Bowling average

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Of bowlers who have bowled at least 600 balls in Test cricket, George Lohmann has the lowest career bowling average, 10.75. George Lohmann 1895b.jpg
Of bowlers who have bowled at least 600 balls in Test cricket, George Lohmann has the lowest career bowling average, 10.75.

In cricket, a player's bowling average is the number of runs they have conceded per wicket taken. The lower the bowling average is, the better the bowler is performing. It is one of a number of statistics used to compare bowlers, commonly used alongside the economy rate and the strike rate to judge the overall performance of a bowler.

Cricket Team sport played with bats and balls

Cricket is a bat-and-ball game played between two teams of eleven players on a field at the centre of which is a 20-metre (22-yard) pitch with a wicket at each end, each comprising two bails balanced on three stumps. The batting side scores runs by striking the ball bowled at the wicket with the bat, while the bowling and fielding side tries to prevent this and dismiss each player. Means of dismissal include being bowled, when the ball hits the stumps and dislodges the bails, and by the fielding side catching the ball after it is hit by the bat, but before it hits the ground. When ten players have been dismissed, the innings ends and the teams swap roles. The game is adjudicated by two umpires, aided by a third umpire and match referee in international matches. They communicate with two off-field scorers who record the match's statistical information.

Run (cricket) run scored in cricket

In cricket, a run is the unit of scoring. The team with the most runs wins in many versions of the game, and always draws at worst, except for some results decided by the Duckworth–Lewis method. One run is scored when a batsman has hit the ball with the bat, or with a gloved hand holding the bat, and directed it away from the fielders so that both the striker and the non-striker are able to run the length of the pitch, crossing each other and arriving safely at the other end of the pitch, before the fielders can retrieve the ball and hit the wicket.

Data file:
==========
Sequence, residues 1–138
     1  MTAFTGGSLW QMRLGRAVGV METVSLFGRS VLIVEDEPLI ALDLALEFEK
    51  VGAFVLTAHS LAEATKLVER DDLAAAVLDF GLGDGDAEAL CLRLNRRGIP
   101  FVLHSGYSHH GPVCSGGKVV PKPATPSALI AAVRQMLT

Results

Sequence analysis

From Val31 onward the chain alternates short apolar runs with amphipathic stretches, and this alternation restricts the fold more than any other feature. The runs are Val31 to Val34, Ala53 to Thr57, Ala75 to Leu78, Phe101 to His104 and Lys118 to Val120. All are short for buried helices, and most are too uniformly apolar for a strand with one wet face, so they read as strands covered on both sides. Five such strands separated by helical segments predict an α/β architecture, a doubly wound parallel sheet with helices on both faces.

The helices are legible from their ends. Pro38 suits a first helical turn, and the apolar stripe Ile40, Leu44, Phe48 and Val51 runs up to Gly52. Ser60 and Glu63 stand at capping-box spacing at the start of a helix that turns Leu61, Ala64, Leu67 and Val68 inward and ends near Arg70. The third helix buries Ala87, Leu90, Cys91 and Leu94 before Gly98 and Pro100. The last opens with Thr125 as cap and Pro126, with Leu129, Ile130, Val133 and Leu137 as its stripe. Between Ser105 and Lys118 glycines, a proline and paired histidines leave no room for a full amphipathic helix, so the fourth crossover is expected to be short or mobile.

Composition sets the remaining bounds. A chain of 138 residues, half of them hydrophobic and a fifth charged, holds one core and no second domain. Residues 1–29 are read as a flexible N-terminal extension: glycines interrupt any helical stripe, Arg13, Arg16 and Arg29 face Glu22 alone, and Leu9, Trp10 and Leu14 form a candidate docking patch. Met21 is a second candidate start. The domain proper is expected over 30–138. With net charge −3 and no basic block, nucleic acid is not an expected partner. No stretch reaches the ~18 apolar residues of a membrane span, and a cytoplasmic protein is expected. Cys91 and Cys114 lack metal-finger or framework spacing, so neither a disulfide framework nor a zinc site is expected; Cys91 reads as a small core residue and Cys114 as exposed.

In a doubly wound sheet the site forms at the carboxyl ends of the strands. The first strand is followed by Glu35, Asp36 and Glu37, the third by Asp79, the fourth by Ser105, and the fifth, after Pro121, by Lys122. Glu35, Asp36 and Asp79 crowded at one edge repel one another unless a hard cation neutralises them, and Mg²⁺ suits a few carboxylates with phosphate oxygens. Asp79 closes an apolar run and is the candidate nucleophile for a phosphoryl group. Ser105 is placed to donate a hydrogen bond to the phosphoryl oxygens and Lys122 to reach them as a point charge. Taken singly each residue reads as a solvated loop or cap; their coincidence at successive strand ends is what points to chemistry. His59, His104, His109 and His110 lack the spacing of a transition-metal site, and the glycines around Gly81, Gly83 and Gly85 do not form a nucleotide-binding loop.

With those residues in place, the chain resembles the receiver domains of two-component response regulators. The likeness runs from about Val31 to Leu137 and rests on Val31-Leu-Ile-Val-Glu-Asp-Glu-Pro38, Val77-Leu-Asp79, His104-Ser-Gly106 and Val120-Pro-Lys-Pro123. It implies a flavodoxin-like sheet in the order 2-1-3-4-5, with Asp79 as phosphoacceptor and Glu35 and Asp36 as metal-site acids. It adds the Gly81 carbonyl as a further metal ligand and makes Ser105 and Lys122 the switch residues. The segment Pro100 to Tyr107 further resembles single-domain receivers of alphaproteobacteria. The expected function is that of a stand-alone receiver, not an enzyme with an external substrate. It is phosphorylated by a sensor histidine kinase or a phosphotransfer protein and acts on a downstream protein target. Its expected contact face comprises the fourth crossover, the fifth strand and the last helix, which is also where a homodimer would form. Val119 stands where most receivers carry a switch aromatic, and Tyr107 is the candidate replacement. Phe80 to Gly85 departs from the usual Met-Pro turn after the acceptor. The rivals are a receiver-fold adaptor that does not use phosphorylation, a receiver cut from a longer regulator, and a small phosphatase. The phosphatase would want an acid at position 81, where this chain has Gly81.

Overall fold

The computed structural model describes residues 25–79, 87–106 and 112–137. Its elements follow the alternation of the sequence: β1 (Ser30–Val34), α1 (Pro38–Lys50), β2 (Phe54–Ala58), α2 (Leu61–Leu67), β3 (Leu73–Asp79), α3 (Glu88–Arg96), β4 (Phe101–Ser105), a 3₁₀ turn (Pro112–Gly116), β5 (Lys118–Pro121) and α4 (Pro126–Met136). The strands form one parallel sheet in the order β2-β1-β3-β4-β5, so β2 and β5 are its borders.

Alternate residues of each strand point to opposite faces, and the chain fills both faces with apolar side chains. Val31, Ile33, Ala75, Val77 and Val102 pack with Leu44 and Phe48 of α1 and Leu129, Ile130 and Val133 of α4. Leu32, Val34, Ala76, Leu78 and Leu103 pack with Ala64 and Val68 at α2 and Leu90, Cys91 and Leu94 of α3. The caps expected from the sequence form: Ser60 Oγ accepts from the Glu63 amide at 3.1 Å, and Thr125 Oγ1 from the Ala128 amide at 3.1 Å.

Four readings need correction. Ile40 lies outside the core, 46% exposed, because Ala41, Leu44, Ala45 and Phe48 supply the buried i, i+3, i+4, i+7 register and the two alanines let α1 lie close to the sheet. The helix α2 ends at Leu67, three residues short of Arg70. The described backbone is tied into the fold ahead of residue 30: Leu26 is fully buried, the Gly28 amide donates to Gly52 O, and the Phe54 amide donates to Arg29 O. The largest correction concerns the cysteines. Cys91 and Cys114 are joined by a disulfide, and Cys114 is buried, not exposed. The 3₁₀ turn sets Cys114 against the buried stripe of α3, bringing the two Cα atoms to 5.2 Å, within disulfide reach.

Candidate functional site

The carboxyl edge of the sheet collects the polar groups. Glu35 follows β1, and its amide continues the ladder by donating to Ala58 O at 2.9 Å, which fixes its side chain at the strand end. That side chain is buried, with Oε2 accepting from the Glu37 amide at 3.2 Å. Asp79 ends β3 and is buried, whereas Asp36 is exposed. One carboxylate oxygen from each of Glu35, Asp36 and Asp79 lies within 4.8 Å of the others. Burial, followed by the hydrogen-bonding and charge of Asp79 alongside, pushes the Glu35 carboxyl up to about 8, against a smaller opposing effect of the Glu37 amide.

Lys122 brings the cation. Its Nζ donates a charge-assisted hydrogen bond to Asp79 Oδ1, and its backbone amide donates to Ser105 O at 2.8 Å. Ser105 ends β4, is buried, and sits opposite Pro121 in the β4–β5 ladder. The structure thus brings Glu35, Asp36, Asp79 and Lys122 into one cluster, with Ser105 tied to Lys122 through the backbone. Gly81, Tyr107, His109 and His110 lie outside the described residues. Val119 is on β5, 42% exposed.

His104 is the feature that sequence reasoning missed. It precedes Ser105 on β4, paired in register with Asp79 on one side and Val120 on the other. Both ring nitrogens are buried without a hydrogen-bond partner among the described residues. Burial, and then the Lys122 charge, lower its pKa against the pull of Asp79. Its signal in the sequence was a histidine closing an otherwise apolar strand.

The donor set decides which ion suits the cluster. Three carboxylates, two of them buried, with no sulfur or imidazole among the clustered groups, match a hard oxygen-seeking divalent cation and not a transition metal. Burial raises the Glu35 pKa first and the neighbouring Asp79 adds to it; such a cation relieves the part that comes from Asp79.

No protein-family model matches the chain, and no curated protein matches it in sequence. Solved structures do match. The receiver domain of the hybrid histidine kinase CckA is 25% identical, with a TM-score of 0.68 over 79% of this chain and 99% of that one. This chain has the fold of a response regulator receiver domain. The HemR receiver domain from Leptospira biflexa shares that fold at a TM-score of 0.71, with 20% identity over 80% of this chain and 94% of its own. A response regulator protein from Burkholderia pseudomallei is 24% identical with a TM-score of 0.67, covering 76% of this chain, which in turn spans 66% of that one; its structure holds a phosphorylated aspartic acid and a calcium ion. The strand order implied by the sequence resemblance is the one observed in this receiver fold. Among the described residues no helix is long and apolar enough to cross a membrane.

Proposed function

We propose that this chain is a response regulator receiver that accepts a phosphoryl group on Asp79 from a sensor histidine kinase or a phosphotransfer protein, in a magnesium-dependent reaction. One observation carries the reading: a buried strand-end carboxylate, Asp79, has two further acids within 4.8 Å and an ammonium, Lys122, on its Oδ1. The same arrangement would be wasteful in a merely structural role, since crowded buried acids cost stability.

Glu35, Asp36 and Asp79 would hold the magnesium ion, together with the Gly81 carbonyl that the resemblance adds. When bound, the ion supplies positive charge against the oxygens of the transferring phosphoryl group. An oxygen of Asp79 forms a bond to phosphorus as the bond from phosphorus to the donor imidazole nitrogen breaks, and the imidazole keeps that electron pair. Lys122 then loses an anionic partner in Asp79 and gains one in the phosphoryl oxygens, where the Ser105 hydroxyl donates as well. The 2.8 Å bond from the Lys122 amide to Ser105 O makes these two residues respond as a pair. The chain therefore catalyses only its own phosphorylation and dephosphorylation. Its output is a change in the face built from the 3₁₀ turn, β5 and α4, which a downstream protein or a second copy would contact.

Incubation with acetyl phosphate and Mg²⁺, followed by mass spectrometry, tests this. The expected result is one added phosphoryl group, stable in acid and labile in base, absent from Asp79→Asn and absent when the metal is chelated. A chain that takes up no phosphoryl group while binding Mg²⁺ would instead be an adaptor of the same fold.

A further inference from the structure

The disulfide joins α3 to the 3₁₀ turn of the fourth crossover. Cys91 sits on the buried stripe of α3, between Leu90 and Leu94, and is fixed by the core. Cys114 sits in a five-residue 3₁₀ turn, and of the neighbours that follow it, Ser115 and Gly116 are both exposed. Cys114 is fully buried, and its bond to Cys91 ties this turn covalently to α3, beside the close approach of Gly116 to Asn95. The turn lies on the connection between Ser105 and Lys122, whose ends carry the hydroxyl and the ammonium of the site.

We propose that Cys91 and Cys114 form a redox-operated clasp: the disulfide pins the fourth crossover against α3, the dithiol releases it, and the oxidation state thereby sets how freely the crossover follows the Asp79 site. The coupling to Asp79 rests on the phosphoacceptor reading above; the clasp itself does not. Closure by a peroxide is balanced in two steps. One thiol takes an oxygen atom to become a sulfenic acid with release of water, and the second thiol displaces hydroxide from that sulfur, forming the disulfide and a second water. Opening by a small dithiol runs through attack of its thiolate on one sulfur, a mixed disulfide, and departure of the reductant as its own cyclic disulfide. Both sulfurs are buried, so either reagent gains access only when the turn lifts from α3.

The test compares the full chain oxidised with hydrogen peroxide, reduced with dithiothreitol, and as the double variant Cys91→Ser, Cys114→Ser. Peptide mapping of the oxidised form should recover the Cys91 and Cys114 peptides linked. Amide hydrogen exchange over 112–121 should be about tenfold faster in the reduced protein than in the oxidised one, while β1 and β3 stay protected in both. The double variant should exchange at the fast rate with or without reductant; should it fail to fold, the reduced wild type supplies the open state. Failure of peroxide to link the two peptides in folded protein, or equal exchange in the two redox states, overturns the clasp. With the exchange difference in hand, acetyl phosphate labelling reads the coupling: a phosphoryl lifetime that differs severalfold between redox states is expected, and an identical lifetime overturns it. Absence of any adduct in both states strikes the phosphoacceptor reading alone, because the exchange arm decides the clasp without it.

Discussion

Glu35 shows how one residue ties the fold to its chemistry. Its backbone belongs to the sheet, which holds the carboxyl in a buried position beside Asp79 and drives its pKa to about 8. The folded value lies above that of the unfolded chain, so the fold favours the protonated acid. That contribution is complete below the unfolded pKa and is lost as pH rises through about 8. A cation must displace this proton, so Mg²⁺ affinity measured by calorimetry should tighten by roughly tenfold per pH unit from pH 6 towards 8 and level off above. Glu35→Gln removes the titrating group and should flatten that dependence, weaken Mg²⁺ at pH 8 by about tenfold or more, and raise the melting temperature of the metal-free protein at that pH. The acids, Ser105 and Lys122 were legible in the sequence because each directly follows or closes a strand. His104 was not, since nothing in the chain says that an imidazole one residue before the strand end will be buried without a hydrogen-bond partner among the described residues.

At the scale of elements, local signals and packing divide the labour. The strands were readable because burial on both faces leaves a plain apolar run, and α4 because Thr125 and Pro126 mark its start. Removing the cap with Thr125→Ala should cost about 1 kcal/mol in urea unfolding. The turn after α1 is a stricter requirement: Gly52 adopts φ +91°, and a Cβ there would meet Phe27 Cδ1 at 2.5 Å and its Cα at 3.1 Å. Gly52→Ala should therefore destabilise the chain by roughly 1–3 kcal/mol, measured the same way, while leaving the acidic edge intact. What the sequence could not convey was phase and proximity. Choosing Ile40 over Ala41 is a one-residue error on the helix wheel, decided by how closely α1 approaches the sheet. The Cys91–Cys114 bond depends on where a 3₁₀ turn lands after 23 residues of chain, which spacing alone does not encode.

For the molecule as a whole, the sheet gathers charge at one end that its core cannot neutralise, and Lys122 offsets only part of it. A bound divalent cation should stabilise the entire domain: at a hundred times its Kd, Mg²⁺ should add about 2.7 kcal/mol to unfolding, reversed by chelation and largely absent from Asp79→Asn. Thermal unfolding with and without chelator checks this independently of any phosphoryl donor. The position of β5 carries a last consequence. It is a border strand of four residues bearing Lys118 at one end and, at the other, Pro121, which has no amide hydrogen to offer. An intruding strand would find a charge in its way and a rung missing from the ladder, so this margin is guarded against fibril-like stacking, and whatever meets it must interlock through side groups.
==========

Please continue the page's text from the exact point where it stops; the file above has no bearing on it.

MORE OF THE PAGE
Bowling (cricket) cricket delivery

Bowling, in cricket, is the action of propelling the ball toward the wicket defended by a batter. A player skilled at bowling is called a bowler; a bowler who is also a competent batter is known as an all-rounder. Bowling the ball is distinguished from throwing the ball by a strictly specified biomechanical definition, which restricts the angle of extension of the elbow. A single act of bowling the ball towards the batsman is called a ball or a delivery. Bowlers bowl deliveries in sets of six, called an over. Once a bowler has bowled an over, a teammate will bowl an over from the other end of the pitch. The Laws of Cricket govern how a ball must be bowled. If a ball is bowled illegally, an umpire will rule it a no-ball. If a ball is bowled too wide of the striker for the batsman to be able to play at it with a proper cricket shot, the bowler's end umpire will rule it a wide.